Andalusia

Day 265 – 21 Nov, 2015

Perhaps bittersweet to leave Córdoba, it was time to get my travel legs again and there was no reason to delay any longer.  Feeling a bit out of practice, I had to remind myself how to pack, everything has its place.  The current state of affairs was a huge pile that needed to be reordered and reorganized.

At the train station, I stared at the ticket kiosk.  I had made the rather difficult decision to skip Málaga and Granada (which I had visited once before in 2008 and adored) and go straight to Seville.  I had a flight from Seville in 5 days and because I was just getting my feet wet again, I thought it best to go directly and ignore any distractions….that is, until I got to the train station.  The destination options blinked back at me and before I had time to second guess, I found myself buying a ticket for Málaga instead.  I wasn’t ready to leave Spain.  Five days was plenty of time.  No need to go directly to Seville when I could go to the beach for a day or two first!  I wasn’t out of practice – as soon as I loaded up my bag, properly packed, I fell right back into the familiar rhythm.

Málaga sits on the southern coast of Spain, on the Mediterranean, la Costa del Sol.  Even in late November, the temperatures were pleasant and the beaches were lively.  Add in the fact that I was there over a weekend, the markets were buzzing and families from all over Andalusia were taking advantage of the sunshine.  I strolled the length of Palmeral de las Sorpresas, Puerto Málaga, and along the beach, Playa Malagueta.  There was live music and street food and all of the vibrant personalities I had come to love about Spain.  I noticed a team of workers were working diligently to string Christmas lights throughout the main shopping district, but with that, it meant the time for me to go was drawing near.  The lights weren’t scheduled to be turned on until December 1 and by then, I would be gone.

   
   

The first time I had gone to Seville, it had been by bus.  I had arrived in Plaza de Armas and promptly gotten impossibly lost.  Back then, my hotel was in the Jewish Quarter, which has a tangled web of narrow alleyways and passages, losing even the most direction -adept travelers (of which I am not!).  I spent 3 days darting down one wrong street after another before I gave up in complete frustration, stubbornly relegating Seville to a “never visit again” category.

Almost exactly 7 years later, armed with capable Spanish grammar (to ask directions when needed), a wealth of experience navigating new cities a few times a week, and an iron-will determination to love my last few days in this magnificent country, I descended on Seville once again.  It was the train station this time, requiring me to take a local bus to Plaza de Duque de la Victoria, and then walk the remaining few blocks on my own.  It wasn’t without a handful of false starts, but my confidence didn’t waver.  Soon enough, I had arrived at my hostel already feeling as if I was beating this city.  The Jewish Quarter would be my final exam.

  

I was such a novice traveler the first time around.  I did all the things the guidebook says you’re supposed to do – la Catedral, climb to the top of Giralda Tower, flamenco, Plaza de España, Parque de something or other – you get the idea.  I ate where and what I was supposed to eat – paella, sangria, olives, bacalao, etc etc.  The Alcazar had been closed back then so I made the obligatory visit to Seville’s grandest historic landmark.  It is beautiful, of course, but I found it hard to be enamored after so many other breathtaking monuments and important sights.  Instead, I wandered through the gardens, finding solitude among the fountains and peacocks.  This was more my speed.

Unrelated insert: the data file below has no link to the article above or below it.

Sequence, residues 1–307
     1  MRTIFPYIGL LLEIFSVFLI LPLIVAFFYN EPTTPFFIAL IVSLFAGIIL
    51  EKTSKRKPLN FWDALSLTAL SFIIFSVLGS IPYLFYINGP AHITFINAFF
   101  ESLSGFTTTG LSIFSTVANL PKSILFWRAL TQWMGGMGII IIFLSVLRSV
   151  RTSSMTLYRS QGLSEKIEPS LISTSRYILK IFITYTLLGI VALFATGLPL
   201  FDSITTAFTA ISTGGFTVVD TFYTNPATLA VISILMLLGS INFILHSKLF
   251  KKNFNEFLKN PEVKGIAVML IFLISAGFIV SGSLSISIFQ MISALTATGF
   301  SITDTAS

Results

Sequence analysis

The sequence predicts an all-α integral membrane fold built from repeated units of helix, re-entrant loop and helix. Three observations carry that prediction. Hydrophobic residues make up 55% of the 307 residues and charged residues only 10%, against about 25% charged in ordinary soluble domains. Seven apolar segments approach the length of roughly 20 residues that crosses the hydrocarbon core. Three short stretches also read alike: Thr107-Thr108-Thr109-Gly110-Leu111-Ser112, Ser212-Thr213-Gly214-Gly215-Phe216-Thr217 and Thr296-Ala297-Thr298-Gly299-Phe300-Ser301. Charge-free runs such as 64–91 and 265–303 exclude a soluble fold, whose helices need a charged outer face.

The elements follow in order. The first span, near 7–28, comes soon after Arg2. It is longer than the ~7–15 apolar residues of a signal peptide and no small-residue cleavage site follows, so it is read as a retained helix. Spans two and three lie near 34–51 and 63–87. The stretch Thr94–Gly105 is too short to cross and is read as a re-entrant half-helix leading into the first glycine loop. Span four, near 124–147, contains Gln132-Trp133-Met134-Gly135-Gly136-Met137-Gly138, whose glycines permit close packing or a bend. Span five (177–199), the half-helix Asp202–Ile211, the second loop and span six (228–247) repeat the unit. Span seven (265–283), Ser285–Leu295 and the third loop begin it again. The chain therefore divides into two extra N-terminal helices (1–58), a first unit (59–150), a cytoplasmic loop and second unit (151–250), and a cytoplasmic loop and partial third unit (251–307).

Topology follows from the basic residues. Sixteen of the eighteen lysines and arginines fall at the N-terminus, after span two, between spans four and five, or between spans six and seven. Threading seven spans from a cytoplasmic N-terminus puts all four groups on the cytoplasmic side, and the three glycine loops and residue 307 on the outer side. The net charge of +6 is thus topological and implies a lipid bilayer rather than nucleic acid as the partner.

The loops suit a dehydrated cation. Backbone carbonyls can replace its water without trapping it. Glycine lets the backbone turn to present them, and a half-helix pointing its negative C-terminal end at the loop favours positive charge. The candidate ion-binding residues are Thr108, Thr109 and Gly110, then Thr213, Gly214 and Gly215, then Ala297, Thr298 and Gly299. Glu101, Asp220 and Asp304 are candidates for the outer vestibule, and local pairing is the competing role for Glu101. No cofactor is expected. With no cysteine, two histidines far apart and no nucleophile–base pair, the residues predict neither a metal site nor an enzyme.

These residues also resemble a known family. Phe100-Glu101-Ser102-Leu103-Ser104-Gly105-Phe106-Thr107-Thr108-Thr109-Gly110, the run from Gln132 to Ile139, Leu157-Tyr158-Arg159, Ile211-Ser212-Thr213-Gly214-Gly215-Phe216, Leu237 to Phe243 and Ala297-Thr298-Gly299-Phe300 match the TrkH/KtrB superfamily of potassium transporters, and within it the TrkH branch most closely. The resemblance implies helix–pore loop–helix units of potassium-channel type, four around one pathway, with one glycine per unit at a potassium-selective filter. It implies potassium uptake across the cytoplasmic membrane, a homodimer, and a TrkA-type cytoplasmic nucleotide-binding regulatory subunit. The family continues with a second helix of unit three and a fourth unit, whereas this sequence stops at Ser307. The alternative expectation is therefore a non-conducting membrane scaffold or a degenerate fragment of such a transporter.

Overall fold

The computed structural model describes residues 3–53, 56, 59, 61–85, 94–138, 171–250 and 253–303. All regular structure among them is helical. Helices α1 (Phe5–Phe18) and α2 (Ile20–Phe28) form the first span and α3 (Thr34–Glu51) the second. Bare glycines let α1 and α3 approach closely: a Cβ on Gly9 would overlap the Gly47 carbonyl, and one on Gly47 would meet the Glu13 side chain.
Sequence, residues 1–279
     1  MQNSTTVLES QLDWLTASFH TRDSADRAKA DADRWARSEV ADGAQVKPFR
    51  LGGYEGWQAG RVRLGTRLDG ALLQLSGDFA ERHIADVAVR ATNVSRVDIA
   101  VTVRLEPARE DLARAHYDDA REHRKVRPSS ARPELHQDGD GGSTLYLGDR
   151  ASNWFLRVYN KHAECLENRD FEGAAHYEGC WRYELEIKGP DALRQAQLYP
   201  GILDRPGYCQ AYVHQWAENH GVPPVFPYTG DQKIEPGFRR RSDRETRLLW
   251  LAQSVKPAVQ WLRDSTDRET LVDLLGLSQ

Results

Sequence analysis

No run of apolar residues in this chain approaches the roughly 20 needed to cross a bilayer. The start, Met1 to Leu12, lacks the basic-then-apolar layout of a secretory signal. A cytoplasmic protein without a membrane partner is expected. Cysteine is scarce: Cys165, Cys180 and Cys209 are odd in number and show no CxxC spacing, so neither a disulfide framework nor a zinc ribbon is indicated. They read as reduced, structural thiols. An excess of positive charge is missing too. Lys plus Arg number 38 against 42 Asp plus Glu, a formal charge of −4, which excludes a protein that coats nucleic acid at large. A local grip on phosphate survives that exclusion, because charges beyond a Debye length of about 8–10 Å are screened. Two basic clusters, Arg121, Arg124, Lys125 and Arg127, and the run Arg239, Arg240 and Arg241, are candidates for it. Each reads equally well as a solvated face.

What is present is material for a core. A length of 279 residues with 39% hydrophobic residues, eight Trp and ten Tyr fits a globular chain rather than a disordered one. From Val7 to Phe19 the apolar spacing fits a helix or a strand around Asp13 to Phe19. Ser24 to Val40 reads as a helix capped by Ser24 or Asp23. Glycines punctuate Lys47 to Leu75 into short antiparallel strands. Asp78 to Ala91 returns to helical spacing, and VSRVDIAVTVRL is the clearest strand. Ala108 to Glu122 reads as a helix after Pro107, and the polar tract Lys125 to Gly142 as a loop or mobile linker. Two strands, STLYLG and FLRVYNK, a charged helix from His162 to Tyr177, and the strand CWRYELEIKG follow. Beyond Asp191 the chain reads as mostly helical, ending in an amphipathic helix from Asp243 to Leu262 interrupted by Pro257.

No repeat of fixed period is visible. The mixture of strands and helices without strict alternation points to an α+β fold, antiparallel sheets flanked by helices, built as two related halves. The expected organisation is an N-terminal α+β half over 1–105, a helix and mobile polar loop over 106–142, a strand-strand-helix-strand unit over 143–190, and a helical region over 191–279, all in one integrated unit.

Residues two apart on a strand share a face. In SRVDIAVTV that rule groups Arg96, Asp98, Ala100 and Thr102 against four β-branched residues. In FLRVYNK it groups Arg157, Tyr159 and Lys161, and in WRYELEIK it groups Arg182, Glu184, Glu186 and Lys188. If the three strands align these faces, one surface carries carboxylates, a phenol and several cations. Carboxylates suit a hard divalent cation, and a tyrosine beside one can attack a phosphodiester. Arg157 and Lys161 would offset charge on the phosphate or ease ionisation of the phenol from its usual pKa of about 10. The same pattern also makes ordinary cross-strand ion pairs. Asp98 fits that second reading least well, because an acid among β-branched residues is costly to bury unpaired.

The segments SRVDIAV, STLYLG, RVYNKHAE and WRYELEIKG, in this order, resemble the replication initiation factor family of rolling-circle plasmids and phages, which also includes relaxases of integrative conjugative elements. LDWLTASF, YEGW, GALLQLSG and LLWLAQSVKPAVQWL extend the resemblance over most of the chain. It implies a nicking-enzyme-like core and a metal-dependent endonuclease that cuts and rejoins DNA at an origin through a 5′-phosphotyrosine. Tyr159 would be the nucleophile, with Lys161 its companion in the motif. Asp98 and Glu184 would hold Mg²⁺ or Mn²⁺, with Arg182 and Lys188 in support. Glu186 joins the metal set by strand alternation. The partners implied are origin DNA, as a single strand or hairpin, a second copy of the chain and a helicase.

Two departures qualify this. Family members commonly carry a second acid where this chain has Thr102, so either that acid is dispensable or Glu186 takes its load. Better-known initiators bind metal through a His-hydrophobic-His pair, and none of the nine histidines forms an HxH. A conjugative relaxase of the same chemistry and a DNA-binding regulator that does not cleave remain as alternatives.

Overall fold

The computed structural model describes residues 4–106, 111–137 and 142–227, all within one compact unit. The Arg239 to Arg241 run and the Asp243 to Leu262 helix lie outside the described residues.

My last day in Spain, the last in Europe (for now anyway), it seemed important to squash any of the old stigma I associated with Seville.  I had deeply enjoyed the previous days, loving Seville as much as most people seem to.  Now it was time to ditch the map and brave the Jewish Quarter, Barrio de Santa Cruz.  I wanted to find my old hotel and the cafe where I had the best fresh churros and chocolate and the restaurant where a Spanish couple had treated me to a glass of limoncello.  Going without a map meant I had to use my instinct and talk to people if I got lost.  I headed east, this I knew was correct.  After 15 minutes, the wide avenues became more narrow and twisty.  Instead of letting frustration seep in, I knew I was still headed in the right direction.  I was in no hurry.  Right, left, left, straight, turn around, another right, through the courtyard, slight right, this looks familiar….. And there it was – Hotel Patio de Santa Cruz.  It had been so easy!  I walked to the end of that street, made a right, rounded the corner and there was the restaurant and the cafe was across the street.  Such a small thing, but I felt like I won a scavenger hunt.   Only a moment to revel in the victory, I looked at the menu for the restaurant and winced.   Expensive!  Oh, yeah, I had a job the last time I was here and was not on a budget.   I would not be staying here to celebrate.  It was back to my hostel to pack.  Onward for more adventures on another continent!

  

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